In the backup material Freedom Partners supplied to us for the ad, the group noted that when Merkley came into office, Democrats controlled the White House and both chambers of Congress, and had a supermajority in the Senate. They also noted that Oregon’s senior senator, Democrat Ron Wyden, authored and passed six bills during Merkley’s tenure. That’s true, but it only serves to reinforce Ornstein’s point. Wyden has been in the Senate since 1996 and has much more seniority than Merkley. Wyden currently chairs the Senate Committee on Finance.

We looked at the legislative record of all 10 senators who, like Merkley, came into office in January 2009. Two of them, Democratic Sens. Tom Udall of New Mexico and Mark Warner of Virginia, have had two sponsored bills become law. Four, including Merkley, had one. And four others — including the only two Republicans to take office at that time — have had none.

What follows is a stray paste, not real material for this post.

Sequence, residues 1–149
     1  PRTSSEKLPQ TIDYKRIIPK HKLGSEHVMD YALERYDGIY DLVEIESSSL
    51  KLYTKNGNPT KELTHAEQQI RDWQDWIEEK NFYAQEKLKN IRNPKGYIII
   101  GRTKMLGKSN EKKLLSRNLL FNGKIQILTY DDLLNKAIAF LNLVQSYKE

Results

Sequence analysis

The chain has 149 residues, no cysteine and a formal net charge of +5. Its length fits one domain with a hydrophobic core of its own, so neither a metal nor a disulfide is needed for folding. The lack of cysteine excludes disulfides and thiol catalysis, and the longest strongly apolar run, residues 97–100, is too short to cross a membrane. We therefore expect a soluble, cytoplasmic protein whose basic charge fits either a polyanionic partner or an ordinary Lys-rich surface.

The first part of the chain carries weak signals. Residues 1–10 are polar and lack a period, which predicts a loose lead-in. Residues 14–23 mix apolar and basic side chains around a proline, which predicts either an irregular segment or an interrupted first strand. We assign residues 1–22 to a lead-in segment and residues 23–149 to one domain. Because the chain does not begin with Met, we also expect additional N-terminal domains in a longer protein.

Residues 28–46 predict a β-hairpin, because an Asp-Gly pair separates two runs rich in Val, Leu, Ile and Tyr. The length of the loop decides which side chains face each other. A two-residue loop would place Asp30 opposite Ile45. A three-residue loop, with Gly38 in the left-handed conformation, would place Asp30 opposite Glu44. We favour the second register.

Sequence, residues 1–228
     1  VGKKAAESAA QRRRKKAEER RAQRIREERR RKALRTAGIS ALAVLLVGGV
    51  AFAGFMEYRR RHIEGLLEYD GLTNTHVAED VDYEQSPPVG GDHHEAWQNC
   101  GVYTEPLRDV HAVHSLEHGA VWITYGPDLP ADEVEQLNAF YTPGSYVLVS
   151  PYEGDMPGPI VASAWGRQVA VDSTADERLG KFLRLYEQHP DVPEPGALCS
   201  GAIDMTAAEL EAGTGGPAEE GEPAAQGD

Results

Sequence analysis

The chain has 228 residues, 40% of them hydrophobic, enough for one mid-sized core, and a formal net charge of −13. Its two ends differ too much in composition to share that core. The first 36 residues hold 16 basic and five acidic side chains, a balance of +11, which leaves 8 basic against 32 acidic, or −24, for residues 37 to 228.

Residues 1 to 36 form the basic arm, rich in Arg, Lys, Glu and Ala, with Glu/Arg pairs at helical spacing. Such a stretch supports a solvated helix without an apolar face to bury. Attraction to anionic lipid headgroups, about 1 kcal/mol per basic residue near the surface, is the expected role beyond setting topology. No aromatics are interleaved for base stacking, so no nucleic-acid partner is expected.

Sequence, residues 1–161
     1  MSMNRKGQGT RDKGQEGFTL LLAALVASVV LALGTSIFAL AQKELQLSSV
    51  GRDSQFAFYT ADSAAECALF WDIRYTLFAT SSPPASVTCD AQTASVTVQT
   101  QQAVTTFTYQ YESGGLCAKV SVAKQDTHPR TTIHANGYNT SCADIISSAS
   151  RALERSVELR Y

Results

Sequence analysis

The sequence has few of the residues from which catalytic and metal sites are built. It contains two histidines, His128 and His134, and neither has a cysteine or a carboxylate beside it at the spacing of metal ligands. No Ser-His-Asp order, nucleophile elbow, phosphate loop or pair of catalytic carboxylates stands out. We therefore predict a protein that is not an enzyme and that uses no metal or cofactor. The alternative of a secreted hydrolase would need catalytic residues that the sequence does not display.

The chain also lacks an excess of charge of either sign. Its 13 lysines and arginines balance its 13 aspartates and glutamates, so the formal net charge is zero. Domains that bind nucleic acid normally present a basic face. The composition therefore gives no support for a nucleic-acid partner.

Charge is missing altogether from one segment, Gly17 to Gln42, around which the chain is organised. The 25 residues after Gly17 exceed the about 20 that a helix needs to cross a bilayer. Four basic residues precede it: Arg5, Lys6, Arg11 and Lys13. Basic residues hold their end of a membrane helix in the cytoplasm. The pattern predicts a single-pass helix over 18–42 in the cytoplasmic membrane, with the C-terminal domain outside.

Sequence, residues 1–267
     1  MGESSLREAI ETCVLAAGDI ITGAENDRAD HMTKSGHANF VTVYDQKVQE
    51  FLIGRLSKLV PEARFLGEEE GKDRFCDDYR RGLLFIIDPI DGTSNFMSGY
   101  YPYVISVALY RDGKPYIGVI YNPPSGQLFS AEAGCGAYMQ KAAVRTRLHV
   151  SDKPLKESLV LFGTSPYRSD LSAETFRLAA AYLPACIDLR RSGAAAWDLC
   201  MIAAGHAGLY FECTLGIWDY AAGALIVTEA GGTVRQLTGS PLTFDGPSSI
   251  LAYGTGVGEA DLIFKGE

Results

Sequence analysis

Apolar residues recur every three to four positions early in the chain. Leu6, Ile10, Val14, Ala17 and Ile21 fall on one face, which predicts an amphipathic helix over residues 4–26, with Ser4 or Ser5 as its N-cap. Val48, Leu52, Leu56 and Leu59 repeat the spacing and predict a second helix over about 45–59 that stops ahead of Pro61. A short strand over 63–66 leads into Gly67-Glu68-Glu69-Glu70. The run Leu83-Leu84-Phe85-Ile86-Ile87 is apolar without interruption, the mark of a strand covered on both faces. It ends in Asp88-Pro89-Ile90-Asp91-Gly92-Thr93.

Since taking office, Merkley has sponsored 227 bills, amendments and resolutions. That ranks him fourth among the 10 senators who took office in January 2009, based on our analysis. Merkley ranks in the middle of the pack with regard to the number of pieces of sponsored legislation that got committee consideration, floor consideration or passed one chamber of government.

But Ornstein warns that those types of quantitative measures can be misleading.

“This is in no way an effective way to measure the effectiveness of a senator,” Ornstein said. Having only a small number of laws with your name on them “doesn’t mean you are not having an impact on legislation or the legislative process.”